3

The first thing you want to do is check how projects accept submissions and in what format (e.g. where to branch from, do you need to rebase, style guide etc.). Make that step 0. For step 3, it depends on your workflow. Mine is to clone the repo to a folder I have specially for such projects, create a virtualenv (usually using virtualenvwrapper, as it makes ...


2

The right hand side of an assignment is evaluated first. Then, if there are multiple targets, then the right-hand side should be a sequence and each element of that result is assigned from left-to-right to the targets. This means that you first get a tuple with: ((u1 - q * v1), (u2 - q * v2), (u3 - q * v3), v1, v2, v3) and then the results of that ...


2

The pipes module is pretty old. Most standard library modules that have been introduced in the last decade or so state when they were introduced on the module documentation page. For example, the sysconfig module was introduced in version 2.7. Shameless plug: I have written a script called pyqver (on Github) that attempts to identify the minimum version of ...


2

Your problem has striking parallels to functional programming: Monads, Functors, and composing functions. Your composability requirements essentially states that each operation must be a function that takes a stream and returns a stream: operation : Stream -> Stream Most functions will not be expressed in terms of whole streams but rather single frames ...


1

You asked: Can I just put the usual GPL headers on my source files, include the GPL in COPYING and leave it at that? Yes, that's fine. Or do I have to collect together all the licences and source code (both python and, e.g. C/C++ dependencies) for everything that I import and include these in my distribution? No, because they won't be released as ...


1

You tagged this with object-oriented, so the answer is: no. The fact that objects only know about their own private implementation / representation and not about that of other objects even of the same type is the defining characteristic of object-oriented data abstraction as opposed to Abstract Data Types, where instances of an ADT do know about the private ...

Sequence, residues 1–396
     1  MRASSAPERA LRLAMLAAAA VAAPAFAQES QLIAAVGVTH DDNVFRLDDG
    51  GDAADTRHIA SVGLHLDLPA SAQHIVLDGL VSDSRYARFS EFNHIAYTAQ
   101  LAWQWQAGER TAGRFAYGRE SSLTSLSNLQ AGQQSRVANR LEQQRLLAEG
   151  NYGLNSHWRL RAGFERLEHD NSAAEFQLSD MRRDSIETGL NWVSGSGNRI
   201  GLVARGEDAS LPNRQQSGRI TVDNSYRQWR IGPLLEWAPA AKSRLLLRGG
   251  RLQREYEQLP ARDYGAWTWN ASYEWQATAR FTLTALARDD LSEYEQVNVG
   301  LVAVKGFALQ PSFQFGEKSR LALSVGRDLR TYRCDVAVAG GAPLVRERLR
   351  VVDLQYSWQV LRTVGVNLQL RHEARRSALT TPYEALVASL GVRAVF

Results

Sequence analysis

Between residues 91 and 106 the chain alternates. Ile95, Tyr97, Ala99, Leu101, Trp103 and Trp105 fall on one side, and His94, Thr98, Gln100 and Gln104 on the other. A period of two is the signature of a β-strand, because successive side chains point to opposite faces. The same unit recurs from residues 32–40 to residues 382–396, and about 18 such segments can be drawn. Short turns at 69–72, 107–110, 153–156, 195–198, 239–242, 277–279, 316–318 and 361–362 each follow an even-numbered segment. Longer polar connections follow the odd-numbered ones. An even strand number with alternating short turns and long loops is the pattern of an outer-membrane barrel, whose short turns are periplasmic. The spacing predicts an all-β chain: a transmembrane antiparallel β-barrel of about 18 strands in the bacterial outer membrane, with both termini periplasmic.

1

It is notably an implementation issue, not a language one (however the typing is different in the languages). Pedantically, both Python & C++ are Turing-complete languages with a lot of bindings to external libraries, so every program you could write in Python could be rewritten in C++ and vice versa. On Linux, /usr/bin/python (a.k.a. cpython) is a ...


1

You should probably use inheritance in this case, but wrapping the object you with to extend is fine as well. In fact, the technique is useful enough to have a name: the Decorator Pattern. The usual way to forward all calls in Python is not to mess around with __dict__, but to override __getattr__ ("explicit is better than implicit"): class A(object): ...


1

You can say that when we're talking about Python as a whole; including compiler that creates byte code and a virtual machine that interprets the byte code. Python as an language has no saying about if it's an compiled or interpreted programming language, only the implementation of it. Often with semantic issues, there are programming languages where the user ...


1

There is no clear distinction anymore between compiled and interpreted languages any more, as there are very few languages left that are purely interpreted. It seems like that the term 'interpreted language' is actually being used for scripting languages, where you can work in a tight "modify - execute" cycle without an explicit compilation step in the ...


1

Since you know which file is changed but not by which process this is hard but solvable. You can use psutil to handle this. With psutil you can iterate over all running processes and ask them for their open files. Written as pseudo code: for process in psutil open processes: for file in process all open files: check if this your file: ...